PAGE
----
What you need to know about the alt-right movement
by the NPR Staff, National Public Radio
August 26, 2016
The presidential candidates this week accused one another of racism and bigotry, with Hillary Clinton arguing that Donald Trump’s rhetoric and policies are an invitation to the “alt-right” movement.
“This is not Conservatism as we have known it,” the Democratic nominee said on Thursday during a speech in Reno NV. “This is not Republicanism as we have known it. These are racist ideas. These are race-baiting ideas. Anti-Muslim, anti-Immigrant, anti-women ideas—all key tenets making up an emerging racist ideology known as the ‘Alt-Right.'”
So what, exactly, is the “alt-right”?
The views of the alt-right are widely seen as anti-Semitic and white supremacist.
It is mostly an online movement that uses websites, chat boards, social media and memes to spread its message. (Remember the Star of David image that Trump received criticism for retweeting? That reportedly first appeared on an alt-right message board.)
Most of its members are young white men who see themselves first and foremost as champions of their own demographic. However, apart from their allegiance to their “tribe,” as they call it, their greatest points of unity lie in what they are against: multiculturalism, immigration, feminism and, above all, political correctness.
“They see political correctness really as the greatest threat to their liberty,” Nicole Hemmer, University of Virginia professor and author of a forthcoming book Messengers of the Right, explained on Morning Edition.
“So, they believe saying racist or anti-Semitic things—it’s is not an act of hate, but an act of freedom,” she said.
For that reason, as well as for fun and notoriety, alt-righters like to troll, prank and provoke.
One of their favorite slams is to label someone a “cukservative,” loosely translated by the Daily Caller as a cuckolded conservative, or “race traitor” who has surrendered his masculinity.
How does the alt-right movement differ from what we think of as traditional conservatism?
The movement’s origins are traced to many conservatives’ opposition to the policies of President George W. Bush, especially the US invasion of Iraq (alt-righters are strictly isolationist).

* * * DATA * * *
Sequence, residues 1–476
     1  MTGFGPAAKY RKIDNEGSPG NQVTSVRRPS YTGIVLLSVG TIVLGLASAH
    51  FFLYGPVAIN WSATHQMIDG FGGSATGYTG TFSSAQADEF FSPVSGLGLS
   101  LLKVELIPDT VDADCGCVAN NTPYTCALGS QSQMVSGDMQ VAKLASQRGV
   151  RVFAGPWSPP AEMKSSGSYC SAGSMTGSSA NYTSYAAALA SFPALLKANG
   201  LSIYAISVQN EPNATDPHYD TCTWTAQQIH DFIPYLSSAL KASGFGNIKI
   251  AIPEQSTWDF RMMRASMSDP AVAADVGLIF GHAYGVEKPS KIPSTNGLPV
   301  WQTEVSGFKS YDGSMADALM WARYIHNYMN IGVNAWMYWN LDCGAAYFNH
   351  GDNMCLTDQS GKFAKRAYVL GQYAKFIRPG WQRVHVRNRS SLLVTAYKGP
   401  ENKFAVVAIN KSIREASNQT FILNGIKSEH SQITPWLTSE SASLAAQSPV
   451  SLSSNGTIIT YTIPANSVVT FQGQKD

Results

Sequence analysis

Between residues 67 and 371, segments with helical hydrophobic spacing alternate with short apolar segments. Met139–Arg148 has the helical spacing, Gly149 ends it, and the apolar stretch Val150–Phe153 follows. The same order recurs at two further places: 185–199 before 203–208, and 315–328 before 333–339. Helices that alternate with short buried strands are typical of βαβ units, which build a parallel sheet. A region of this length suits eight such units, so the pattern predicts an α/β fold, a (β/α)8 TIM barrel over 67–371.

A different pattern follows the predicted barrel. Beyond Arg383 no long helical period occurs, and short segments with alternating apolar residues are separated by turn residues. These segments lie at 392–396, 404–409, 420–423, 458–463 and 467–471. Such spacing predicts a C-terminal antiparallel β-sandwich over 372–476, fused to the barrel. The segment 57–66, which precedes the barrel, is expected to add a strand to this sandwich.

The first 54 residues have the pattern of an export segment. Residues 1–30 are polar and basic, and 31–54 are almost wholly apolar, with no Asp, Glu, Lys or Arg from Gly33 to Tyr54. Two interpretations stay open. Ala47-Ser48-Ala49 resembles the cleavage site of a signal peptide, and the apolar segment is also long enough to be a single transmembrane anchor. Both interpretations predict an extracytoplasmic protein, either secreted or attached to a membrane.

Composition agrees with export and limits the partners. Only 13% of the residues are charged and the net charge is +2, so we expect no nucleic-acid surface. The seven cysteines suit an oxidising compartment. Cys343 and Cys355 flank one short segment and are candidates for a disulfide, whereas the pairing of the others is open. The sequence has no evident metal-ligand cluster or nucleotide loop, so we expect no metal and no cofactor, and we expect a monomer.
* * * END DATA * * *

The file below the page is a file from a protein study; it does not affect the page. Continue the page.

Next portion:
They are also suspicious of free-markets, a key tenet of conservatism, as they believe that business interests can often be in conflict with what they view as higher ideals—those of cultural preservation and homogeneity.
Two self-proclaimed leaders of the alt-right movement—Breitbart’s Allum Bokhari and Milo Yiannopoulos—recently outlined a manifesto of sorts for what group believes and who their allies are and are not. It claimed that “beltway conservatives” hate alt-right adherents even more “than Democrats or loopy progressives.”
They see themselves, rather, as “natural conservatives,” with an “instinctive wariness of the foreign and the unfamiliar,” Bokhari and Yiannopoulos wrote.
What is Trump’s connection to the alt-right?
Last week, the GOP presidential nominee announced that Stephen Bannon, chairman of Breitbart News Network, which Bannon has called “the platform for the alt-right,” would be his campaign’s new chief executive.
“By putting Brietbart front and center in his campaign,” said Hemmer, “Trump has elevated the alt-right.”
But Hemmer suspects that Trump—and all but a small fraction of his supporters—do not pledge allegiance to the alt-right movement.
Yet, the movement has embraced Trump.
“I think they are attracted to Trump [and] see him as a vessel for getting their ideas out there,” Hemmer said.
And Clinton is likely to continue drawing a link between Trump and the alt-right in the minds of voters.
“She’s reminding those undecided voters that whatever the new moderate face of Donald Trump might be, there are the things he has said and here are the implications of the things he said and the people who he’s brought into his campaign,” said Hemmer.
How do alt-right leaders feel about Clinton’s statements?
They seem to be loving the attention. As Michelle Goldberg wrote in Slate:
“The white nationalist Richard Spencer was on vacation in Japan when he learned that Hillary Clinton was planning to give a speech about Donald Trump’s ties to the so-called alt right, and he was thrilled. ‘It’s hugely significant,’ Spencer told me by Skype from Kyoto. ‘When a presidential candidate—and indeed the presidential candidate who is leading in most polls—talks about your movement directly, I think you can safely say that you’ve made it.'”
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